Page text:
You could try one or more of them and check your child’s progress to monitor their effectiveness. Once you arrive at a method that works well, it is best to stick with it for as long as it remains useful.

Some students additionally find it helpful to use a time management method called the Pomodoro Technique, which is a way of staying focused and mentally fresh as they spend hours revising.

The Pomodoro Technique involves picking a task and then setting a timer for 25 minutes. Then, the student works on the task until the timer rings. A five-minute break will then be taken, before studying again for another 25 minutes. After four such sessions, they can be allowed a longer break of up to 30 minutes. Every child has different methods of learning. The sooner you can find one that works, the better.

Instilling Motivation

As parents, the call to always remain encouraging and motivating is no small thing. To help your child remain motivated for the entire journey, we recommend highlighting the benefits that studying brings.

One idea is to remind your child that the more they study and revise, the more confident they will feel by the time they attempt the actual exam. Their own desire to do well will inspire them to work harder as a result. Another method is to set up a reward system based on mutual agreement - it could be something as simple as extra break time after a long study session, or a gift for acing an exam, although some restraint should be exercised for the latter option.

Yet another form of motivation is to use practical examples as a way to communicate the long-term benefits of excelling in one’s studies. For instance, you could use your child’s role models to highlight how education can help them to similarly succeed, or share an example out of your own experiences to demonstrate how the right education has opened doors and provided opportunities for you.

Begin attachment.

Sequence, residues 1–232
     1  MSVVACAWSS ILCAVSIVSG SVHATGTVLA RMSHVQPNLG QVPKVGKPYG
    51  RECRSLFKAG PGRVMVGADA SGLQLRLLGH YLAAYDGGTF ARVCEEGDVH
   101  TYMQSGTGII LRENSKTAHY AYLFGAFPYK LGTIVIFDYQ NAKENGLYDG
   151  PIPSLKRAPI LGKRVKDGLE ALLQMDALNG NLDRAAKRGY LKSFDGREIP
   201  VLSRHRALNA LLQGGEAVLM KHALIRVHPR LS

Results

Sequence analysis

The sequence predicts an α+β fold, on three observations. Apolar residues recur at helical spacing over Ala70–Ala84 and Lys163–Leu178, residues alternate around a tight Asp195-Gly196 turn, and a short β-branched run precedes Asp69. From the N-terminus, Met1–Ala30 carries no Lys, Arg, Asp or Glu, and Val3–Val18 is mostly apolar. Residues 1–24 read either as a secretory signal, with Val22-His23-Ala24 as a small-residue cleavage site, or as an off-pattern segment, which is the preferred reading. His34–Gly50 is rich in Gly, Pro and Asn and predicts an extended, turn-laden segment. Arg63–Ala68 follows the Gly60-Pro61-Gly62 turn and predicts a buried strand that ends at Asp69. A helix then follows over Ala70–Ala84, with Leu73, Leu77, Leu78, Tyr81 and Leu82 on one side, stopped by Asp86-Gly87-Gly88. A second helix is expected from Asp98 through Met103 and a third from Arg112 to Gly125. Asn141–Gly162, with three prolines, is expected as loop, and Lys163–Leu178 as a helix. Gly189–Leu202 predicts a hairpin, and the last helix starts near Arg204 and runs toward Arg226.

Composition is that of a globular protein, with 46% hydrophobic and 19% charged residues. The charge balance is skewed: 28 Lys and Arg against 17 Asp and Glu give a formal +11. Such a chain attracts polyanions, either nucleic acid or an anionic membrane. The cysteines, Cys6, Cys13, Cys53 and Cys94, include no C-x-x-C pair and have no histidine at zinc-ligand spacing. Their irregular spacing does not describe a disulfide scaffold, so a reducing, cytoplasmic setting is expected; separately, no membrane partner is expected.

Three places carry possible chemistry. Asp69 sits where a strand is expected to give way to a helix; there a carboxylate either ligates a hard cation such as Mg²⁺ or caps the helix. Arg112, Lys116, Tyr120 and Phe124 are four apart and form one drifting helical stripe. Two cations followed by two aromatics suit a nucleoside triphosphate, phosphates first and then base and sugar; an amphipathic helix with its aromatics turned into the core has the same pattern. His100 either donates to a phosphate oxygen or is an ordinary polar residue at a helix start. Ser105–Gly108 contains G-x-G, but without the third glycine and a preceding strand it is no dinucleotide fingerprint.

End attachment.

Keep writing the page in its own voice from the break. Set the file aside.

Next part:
Go Beyond Study and Revision

When helping children to prepare for their exams, parents should remember that there are factors apart from studying that are also worth noting.

A pre-set amount of free time devoted to recreational activities such as video games and hanging out with friends can go a long way towards reducing stress. Being fully rested and recharged, they can return to studying with more vigour afterwards.

It is also worth taking a look at their diet and sleep schedules. Have them start the day with a nutritious breakfast and follow it up with healthy, balanced meals afterwards. Make sure that they get adequate sleep, and discourage them from staying up too late, even if it’s for additional studying. Occasional exercise is good, too - even a walk around the park will make for a nice change of pace and open up their minds to new approaches in their revision.

Finally, both you and your child should do your best to remain positive. As much as possible, don’t let the preparation for their exams become stressful affairs, and allow your children the space to study on their own. When the time comes, they will step into the examination hall as confident and fully prepared as possible.